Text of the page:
I am working on a problem to represent knowledge extracted from a paragraph and rank it to produce abstractive summaries. I have implemented dependency parsing using Stanford NLP, which gives dot format graph as an output.

The dependency-parsed output of the following two sentences are as follows.

Sentence 1 - John is a computer scientist

Dot format -

digraph G{
edge [dir=forward]
node [shape=plaintext]

0 [label="0 (None)"]
0 -> 5 [label="root"]
1 [label="1 (John)"]
2 [label="2 (is)"]
3 [label="3 (a)"]
4 [label="4 (computer)"]
5 [label="5 (scientist)"]
5 -> 2 [label="cop"]
5 -> 4 [label="compound"]
5 -> 3 [label="det"]
5 -> 1 [label="nsubj"]

Graph - enter image description here

Sentence 2 - John has an elder sister named Mary.

Dot Format -

digraph G{
edge [dir=forward]
node [shape=plaintext]

0 [label="0 (None)"]
0 -> 2 [label="root"]
1 [label="1 (John)"]
2 [label="2 (has)"]
2 -> 5 [label="dobj"]
2 -> 1 [label="nsubj"]
3 [label="3 (an)"]
4 [label="4 (elder)"]
5 [label="5 (sister)"]
5 -> 6 [label="acl"]
5 -> 3 [label="det"]
5 -> 4 [label="amod"]
6 [label="6 (named)"]
6 -> 7 [label="dobj"]
7 [label="7 (Mary)"]

Graph - enter image description here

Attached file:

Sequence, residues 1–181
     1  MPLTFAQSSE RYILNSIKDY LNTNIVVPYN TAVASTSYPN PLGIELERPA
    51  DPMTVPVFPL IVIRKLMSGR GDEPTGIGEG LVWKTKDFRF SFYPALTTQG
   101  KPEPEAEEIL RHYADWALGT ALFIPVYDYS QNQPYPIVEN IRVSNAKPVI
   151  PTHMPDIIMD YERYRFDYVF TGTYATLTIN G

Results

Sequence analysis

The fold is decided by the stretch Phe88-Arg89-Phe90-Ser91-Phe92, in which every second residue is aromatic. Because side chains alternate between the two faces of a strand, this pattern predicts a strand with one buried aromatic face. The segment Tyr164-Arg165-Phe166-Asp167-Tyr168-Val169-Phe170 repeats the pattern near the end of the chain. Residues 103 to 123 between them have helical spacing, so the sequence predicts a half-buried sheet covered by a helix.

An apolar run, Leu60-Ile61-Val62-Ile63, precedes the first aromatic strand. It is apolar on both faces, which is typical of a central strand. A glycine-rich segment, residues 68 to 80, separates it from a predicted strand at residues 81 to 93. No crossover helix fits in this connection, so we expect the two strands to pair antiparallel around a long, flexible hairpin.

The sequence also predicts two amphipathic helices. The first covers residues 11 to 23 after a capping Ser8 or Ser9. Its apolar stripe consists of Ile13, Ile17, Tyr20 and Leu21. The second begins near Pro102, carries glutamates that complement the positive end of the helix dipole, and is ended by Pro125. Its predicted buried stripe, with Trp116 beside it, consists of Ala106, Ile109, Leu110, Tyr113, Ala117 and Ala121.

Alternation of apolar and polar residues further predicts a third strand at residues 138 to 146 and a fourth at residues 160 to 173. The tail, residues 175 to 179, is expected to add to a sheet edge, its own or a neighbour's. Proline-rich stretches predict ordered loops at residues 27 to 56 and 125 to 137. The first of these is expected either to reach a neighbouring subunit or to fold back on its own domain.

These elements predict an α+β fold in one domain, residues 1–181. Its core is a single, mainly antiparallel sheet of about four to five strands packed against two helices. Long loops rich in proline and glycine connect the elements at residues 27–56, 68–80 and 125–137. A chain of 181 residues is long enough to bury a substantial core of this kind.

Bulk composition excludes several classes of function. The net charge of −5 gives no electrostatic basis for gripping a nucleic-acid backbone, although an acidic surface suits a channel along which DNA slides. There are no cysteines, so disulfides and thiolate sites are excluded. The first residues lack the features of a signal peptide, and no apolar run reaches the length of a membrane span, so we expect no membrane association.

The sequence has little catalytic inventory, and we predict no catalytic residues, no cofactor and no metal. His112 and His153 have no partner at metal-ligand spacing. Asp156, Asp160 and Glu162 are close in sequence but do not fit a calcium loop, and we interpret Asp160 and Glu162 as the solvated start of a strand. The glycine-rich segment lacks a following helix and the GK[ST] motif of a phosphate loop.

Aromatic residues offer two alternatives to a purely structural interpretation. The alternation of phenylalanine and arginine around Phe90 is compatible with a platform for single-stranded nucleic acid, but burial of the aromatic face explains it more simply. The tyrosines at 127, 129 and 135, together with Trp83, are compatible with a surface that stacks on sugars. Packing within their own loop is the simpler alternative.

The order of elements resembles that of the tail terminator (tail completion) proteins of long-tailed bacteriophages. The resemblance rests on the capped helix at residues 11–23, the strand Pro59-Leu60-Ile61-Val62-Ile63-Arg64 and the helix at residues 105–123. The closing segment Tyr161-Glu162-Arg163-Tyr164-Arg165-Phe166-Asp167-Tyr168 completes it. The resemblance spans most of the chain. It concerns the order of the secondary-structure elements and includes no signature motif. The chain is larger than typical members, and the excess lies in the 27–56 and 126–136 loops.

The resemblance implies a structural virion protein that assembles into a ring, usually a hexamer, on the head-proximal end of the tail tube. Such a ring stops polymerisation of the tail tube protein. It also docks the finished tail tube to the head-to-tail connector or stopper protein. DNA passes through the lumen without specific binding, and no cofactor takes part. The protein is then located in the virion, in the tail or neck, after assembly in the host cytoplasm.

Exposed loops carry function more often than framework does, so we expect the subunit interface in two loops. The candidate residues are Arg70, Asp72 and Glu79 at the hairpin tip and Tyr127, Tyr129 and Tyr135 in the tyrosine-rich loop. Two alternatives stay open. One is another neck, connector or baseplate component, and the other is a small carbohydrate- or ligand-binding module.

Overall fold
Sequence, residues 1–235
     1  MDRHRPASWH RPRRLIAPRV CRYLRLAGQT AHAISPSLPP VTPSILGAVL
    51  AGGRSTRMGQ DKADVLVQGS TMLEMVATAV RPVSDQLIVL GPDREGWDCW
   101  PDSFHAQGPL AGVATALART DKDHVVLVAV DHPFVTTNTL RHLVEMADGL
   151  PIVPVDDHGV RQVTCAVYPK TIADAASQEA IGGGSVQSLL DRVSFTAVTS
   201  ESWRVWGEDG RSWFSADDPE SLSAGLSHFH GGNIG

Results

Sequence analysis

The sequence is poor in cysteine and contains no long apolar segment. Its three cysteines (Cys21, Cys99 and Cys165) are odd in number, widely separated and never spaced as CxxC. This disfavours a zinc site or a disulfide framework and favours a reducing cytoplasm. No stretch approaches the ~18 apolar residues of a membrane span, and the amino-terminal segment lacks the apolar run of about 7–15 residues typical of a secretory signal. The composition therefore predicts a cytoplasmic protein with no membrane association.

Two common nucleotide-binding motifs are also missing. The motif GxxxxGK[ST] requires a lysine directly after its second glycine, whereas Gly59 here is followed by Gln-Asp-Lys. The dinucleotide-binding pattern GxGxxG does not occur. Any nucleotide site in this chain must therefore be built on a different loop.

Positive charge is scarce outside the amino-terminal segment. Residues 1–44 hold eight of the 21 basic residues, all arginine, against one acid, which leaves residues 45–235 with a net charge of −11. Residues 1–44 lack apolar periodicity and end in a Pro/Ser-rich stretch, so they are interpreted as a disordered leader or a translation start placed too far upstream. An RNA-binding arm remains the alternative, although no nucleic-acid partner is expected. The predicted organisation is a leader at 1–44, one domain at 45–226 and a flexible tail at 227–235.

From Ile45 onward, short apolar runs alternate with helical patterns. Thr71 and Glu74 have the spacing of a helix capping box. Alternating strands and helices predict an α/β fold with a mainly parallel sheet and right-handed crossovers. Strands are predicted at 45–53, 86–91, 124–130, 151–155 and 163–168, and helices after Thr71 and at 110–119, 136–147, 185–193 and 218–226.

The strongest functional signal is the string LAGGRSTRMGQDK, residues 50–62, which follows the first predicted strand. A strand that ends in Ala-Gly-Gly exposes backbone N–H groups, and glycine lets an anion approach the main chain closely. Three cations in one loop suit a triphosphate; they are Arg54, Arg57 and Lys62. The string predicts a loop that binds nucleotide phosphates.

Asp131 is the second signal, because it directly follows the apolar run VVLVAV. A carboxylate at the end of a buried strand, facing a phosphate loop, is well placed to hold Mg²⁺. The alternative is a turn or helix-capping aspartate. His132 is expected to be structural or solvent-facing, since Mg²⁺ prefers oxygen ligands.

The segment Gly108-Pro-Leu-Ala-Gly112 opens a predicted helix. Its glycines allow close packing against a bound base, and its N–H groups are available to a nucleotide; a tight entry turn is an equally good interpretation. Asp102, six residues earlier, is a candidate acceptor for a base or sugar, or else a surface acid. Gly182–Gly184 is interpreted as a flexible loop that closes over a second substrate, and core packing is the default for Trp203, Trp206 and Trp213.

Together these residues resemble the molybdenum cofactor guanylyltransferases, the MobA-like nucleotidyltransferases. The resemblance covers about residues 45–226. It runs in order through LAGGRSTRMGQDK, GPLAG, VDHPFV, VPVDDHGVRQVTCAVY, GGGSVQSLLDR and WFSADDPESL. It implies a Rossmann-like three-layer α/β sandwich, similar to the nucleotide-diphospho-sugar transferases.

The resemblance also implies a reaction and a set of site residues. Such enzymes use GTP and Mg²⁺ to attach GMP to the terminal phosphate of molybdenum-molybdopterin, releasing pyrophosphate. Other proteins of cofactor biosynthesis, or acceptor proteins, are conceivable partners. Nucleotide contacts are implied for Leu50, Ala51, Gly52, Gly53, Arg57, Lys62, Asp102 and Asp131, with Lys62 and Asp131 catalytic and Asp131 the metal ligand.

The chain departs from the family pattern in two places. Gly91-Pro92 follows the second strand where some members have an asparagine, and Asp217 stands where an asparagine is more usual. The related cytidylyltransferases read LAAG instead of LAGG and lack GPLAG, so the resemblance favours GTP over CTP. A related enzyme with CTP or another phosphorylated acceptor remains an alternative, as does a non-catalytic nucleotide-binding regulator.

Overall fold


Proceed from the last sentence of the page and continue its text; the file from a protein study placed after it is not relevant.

Now I want to merge this graph at a common node, John. I am currently using graphviz to import dot graph like this,

from graphviz import Source
s = Source(dotGraph, filename=filepath, format="png")

But there seems to be no functionality to merge graphs in Graphviz, or Networkx. So how can this be done?

  • 1
    Commissioner Gordon, turn on the Merge Signal. This is a case for the Biosyntax Squad.
    – jlawler
    Commented Feb 4, 2017 at 15:51
  • What would your expected output look like? How exactly does that help you achieve your stated purpose? Commented Feb 5, 2017 at 13:38
  • The goal is to have all the information related to a particular entity, in the same graph. Further, it can be ranked and used to generate summaries.
    – Riken Shah
    Commented Feb 6, 2017 at 6:21
  • I am a theoretical DG guy. I cannot comment on the computational side of what you are doing. I would, though, like to point out that the Stanford annotation scheme is controversial. For instance, your first dependency tree shows scientist as the root of the sentence. From a linguistic point of view, a stronger case can be made for viewing the finite verb is as the root. Commented Apr 12, 2020 at 15:14

1 Answer 1


Since you are using CoreNLP to generate dependency trees, a very nice way to tackle your problem would be to use the Tsurgeon library used to manipulate parse trees.

Tsurgeon is a (parse) tree transformation language. (Also check Tregex and SemGrex on the same link.)

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